“It didn't bring back the old me but helped me on the path to the new me”: exploring posttraumatic growth in British veterans with PTSD
Walker, P. A. and Kampman, H. 2022. “It didn't bring back the old me but helped me on the path to the new me”: exploring posttraumatic growth in British veterans with PTSD. Disability and Rehabilitation. 44 (24), pp. 7455-7463. https://doi.org/10.1080/09638288.2021.1995056
|Authors||Walker, P. A. and Kampman, H.|
This study explores the role of scuba diving therapy in growth experiences of ex-servicemen. Previous research has focused on difficulties arising from re-entering civilian life after deployment. Known mental health challenges occurring after severe combat related trauma exposure include depression, anxiety, and posttraumatic stress disorder (PTSD). However, less is known about the potential positive transformation which can occur when individuals navigate these challenges. Known facilitators of this positive transformation, often referred to as posttraumatic growth (PTG), are still sparse in this participant pool.
This study utilized an in-depth qualitative approach of interpretative phenomenological analysis utilizing semi-structured interviews. A homogeneous sample of five male British ex-service personnel with a diagnosis of PTSD who identified with PTG was recruited.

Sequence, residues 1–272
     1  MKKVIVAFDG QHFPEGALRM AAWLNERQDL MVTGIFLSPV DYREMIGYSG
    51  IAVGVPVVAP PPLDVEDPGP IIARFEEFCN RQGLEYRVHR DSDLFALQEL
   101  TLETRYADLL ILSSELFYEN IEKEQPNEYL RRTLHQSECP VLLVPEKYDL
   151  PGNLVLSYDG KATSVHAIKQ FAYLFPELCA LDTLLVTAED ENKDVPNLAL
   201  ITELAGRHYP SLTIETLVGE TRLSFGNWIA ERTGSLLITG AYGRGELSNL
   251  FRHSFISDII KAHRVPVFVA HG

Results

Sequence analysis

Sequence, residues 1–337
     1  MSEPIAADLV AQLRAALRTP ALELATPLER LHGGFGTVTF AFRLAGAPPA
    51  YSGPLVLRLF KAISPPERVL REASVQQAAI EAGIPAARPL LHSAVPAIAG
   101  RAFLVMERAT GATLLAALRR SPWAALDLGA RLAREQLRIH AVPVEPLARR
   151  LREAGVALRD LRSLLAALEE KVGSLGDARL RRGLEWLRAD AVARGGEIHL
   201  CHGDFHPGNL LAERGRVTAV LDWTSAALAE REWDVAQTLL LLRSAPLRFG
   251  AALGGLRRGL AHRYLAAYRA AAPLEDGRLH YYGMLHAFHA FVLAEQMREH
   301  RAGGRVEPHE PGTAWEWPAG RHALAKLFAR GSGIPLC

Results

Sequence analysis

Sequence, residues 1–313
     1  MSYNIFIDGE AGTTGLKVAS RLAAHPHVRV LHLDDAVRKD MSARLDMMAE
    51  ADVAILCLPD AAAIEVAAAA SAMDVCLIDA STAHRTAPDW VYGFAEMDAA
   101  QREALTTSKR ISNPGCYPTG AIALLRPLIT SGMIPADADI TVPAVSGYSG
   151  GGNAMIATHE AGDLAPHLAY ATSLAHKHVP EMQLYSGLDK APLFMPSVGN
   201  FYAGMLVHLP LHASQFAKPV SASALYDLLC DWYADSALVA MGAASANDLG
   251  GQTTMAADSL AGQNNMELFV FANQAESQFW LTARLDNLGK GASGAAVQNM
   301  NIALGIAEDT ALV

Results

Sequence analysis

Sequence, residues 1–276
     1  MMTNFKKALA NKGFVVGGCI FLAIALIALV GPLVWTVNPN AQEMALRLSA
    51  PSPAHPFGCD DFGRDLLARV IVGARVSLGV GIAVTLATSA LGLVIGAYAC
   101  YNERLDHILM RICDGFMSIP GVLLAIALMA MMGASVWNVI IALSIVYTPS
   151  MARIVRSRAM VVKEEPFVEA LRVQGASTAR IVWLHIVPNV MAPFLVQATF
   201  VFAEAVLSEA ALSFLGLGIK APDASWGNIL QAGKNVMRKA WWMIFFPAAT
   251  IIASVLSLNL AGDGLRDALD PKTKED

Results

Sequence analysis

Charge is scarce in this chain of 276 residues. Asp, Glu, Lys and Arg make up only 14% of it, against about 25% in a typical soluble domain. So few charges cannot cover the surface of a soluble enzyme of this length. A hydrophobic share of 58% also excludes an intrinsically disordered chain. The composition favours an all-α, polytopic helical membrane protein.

All participants reported positive mental health benefits from diving with four themes emerging: human connection; meaningful leisure; embodiment; and the calm.
Scuba diving appeared to afford instant access to lasting relief of anxiety, stress, and symptoms of PTSD and reduction of physical symptoms of their trauma connected to underwater weightlessness. The reduction of PTSD symptoms carved space for PTG, facilitated through a meaningful leisure environment with opportunities for human connection with individuals who had gone through similar experiences.
|Journal||Disability and Rehabilitation|
|Journal citation||44 (24), pp. 7455-7463|
|Publisher||Taylor & Francis|
|Accepted author manuscript|
File Access Level
|Digital Object Identifier (DOI)||https://doi.org/10.1080/09638288.2021.1995056|
|Online||29 Oct 2021|
|Publication process dates|
|Accepted||13 Oct 2021|
|Deposited||04 Nov 2021|
|Copyright holder||© 2021 Taylor & Francis|
This is an Accepted Manuscript version of the following article, accepted for publication in
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